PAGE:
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JOHN MCGURK says watching Nick Clegg slip and slide his way through a weekend television interview brought to mind the obituary of Mad Frankie Fraser (pictured), the notorious London hitman, who died aged 90 a few weeks before Christmas.

Apparently one of the best-read obituaries of the year, it described how Mad Frankie confronted a member of the Kray gang during a turf war in the 1960s and buried a hatchet in his victim's skull, pinning his hand to his head.

Fraser, who was never convicted of murder but spent 42 years behind bars, later explained in his sarff London snarl what had happened, and came out with: “He was a nice fella...but he was bang out of ordah!”

And so it is with that nice Nick Clegg who, after hopping into bed with David Cameron, now thinks he might do the same with Ed Miliband when there is no outright winner, as seems the probable result, come the general election.

Clegg told the Andrew Marr programme that it was “most likely that the Lib Dems will be part of a coalition government after the May election”.

There are many who think that the deputy prime minister and Liberal Democrat leader has got another think coming if he believes he can just latch on to whoever will have him and continue trying to run the country as if nothing had happened.

According to the polls, the Lib Dems are heading for the biggest hiding of their lives thanks to their duplicitous double-dealing, not to mention their now infamous reversal on student tuition fees which will have every undergraduate and postgraduate across the land voting for anyone else apart from them.

This broken promise, which saw fees treble for students in England and Wales, was followed by the Lib Dems appearing to throw everything in with the Tories to support a raft of anti-social austerity policies which they had previously opposed.

Clegg became so mistrusted that his relationship with David Cameron was soon depicted as a civil partnership rather than a coalition.

But perhaps even worse, he and Danny Alexander, the chief secretary to the Treasury, began to boast that the Conservatives couldn't have done it without them and that it was they who were actually saving the country from economic disaster.

Alas, their contention that they were sacrificing their popularity for the good of the nation and that, in the end, they would be appreciated by the electorate appears to have backfired.

The fact that our debt remains at a staggering £1.4 trillion, and rising by £5000 a second, while the deficit, rather than being wiped clean by the end of this parliament stands at £90 billion, may have something to do with this.

The result of Clegg's five years in government is that he is the least popular political leader in modern British politics while his party has been polling lower than Labour at the height of the credit crunch in 2008.

Naturally, or at least in public, Clegg refuses to believe predictions that his party will lose around half of their parliamentary seats to end up with just 27 MPs.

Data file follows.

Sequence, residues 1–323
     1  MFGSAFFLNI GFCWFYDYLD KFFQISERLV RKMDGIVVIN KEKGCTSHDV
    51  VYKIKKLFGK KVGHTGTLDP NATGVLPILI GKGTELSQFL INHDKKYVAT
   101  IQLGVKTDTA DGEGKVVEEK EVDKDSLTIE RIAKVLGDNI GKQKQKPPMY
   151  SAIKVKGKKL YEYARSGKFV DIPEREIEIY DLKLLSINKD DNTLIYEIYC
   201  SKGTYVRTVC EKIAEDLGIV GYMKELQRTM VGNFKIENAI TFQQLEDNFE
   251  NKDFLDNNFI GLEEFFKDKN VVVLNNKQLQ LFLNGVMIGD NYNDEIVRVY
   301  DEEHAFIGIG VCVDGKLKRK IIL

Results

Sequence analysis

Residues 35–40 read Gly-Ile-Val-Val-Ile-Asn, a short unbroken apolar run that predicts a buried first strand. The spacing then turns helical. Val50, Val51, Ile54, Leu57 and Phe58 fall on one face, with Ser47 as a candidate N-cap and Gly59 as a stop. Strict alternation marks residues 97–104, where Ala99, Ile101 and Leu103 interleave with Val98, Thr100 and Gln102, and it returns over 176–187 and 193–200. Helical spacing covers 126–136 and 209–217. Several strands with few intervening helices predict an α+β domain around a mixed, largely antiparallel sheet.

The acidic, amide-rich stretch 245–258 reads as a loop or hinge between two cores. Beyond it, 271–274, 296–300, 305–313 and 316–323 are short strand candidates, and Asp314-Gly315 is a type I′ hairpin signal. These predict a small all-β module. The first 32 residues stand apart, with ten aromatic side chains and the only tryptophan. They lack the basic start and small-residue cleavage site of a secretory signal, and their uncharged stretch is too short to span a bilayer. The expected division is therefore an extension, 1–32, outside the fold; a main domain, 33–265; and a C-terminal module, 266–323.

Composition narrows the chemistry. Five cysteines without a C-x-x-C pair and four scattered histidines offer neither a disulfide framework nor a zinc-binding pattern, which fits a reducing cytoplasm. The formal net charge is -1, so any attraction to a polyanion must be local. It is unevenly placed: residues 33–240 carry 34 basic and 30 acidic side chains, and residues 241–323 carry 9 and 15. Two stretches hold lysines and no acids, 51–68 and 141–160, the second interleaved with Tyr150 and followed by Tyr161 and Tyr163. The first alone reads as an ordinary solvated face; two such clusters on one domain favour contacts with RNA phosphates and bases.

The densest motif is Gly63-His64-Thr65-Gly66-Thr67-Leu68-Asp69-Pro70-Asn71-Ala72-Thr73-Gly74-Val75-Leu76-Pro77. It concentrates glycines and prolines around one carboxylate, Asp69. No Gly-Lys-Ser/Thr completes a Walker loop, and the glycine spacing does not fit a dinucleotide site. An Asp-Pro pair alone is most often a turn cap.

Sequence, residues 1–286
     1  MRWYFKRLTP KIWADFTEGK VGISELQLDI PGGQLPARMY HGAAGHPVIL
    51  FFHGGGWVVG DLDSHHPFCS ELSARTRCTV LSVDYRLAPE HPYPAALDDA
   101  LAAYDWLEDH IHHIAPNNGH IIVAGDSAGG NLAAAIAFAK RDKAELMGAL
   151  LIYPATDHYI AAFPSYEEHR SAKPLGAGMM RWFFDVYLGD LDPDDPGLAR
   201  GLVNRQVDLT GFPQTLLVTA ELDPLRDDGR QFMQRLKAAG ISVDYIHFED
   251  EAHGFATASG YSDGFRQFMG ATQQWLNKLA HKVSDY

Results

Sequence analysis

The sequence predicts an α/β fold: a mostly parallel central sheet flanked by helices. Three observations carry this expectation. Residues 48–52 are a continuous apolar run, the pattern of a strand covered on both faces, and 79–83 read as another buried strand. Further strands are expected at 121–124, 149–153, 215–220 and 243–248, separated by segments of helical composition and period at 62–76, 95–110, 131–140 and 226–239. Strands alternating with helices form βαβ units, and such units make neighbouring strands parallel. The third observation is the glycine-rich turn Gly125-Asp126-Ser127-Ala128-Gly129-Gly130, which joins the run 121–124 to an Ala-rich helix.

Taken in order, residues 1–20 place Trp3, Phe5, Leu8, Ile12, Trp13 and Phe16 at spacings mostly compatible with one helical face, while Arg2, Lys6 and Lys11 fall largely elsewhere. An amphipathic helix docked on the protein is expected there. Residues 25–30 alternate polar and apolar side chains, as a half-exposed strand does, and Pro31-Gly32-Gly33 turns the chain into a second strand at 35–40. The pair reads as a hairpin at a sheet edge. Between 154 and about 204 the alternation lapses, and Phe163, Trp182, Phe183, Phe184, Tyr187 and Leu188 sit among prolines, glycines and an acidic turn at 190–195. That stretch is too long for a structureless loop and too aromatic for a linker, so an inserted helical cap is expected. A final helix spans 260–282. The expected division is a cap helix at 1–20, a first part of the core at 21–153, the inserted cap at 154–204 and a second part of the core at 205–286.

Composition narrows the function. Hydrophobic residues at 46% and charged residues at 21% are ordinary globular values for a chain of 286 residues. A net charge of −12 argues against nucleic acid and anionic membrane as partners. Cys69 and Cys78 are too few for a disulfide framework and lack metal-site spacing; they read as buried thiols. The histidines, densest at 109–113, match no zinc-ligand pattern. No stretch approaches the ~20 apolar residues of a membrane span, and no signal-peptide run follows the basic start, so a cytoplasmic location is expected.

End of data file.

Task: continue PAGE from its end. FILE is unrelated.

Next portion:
Even party strategists think it will be a miracle if Danny Alexander retains his Inverness seat.

The likely beneficiary of any Lib Dem massacre will be Labour who are trying their hardest to unseat Clegg himself from his Sheffield constituency where he currently has a majority of more than 15,000.

But for Ed Miliband to win outright, Labour will need to take votes from the Conservatives, particularly in the south east of England, fight off UKIP and stem the SNP in Scotland --- a very tall order.

Like him or loathe him, Alex Salmond remains on track to ensure what continues to look like a famous victory which the pollsters believe could raise the number of SNP MPs from six to as many as 40.

Even if the Nats win half of the seats they are predicted to take, they may still be in a position to call the shots in the battle for who occupies 10 Downing Street.

Salmond, now standing in the Lib Dem stronghold of Gordon where he expects to succeed Sir Malcom Bruce, has already made clear who he will support if the SNP become the third biggest party in the UK.

While he could never support the Conservatives or any bizarre alliance between them and UKIP, he is very likely to use his power to prop up a minority Labour government on an issue-by-issue basis.

This is a potential master stroke.

It means that Salmond can announce to those Scottish Labour voters who backed Yes in the referendum campaign that they can still get a Labour government... by voting SNP.

This is surely a trump card which will be giving the new Scottish Labour leader, Jim Murphy, sleepless nights.

If Salmond's plan works, Nick Clegg will have no chance of staying in power.

But the downtrodden former deputy prime minister will no doubt find something useful to do... just like Frankie Fraser.

After his colourful career, Mad Frankie ended up making the tea in a massage parlour in Islington.


John McGurk is co-editor of ScotBuzz and was editor of The Scotsman and Scotland on Sunday and managing editor of The Daily Telegraph.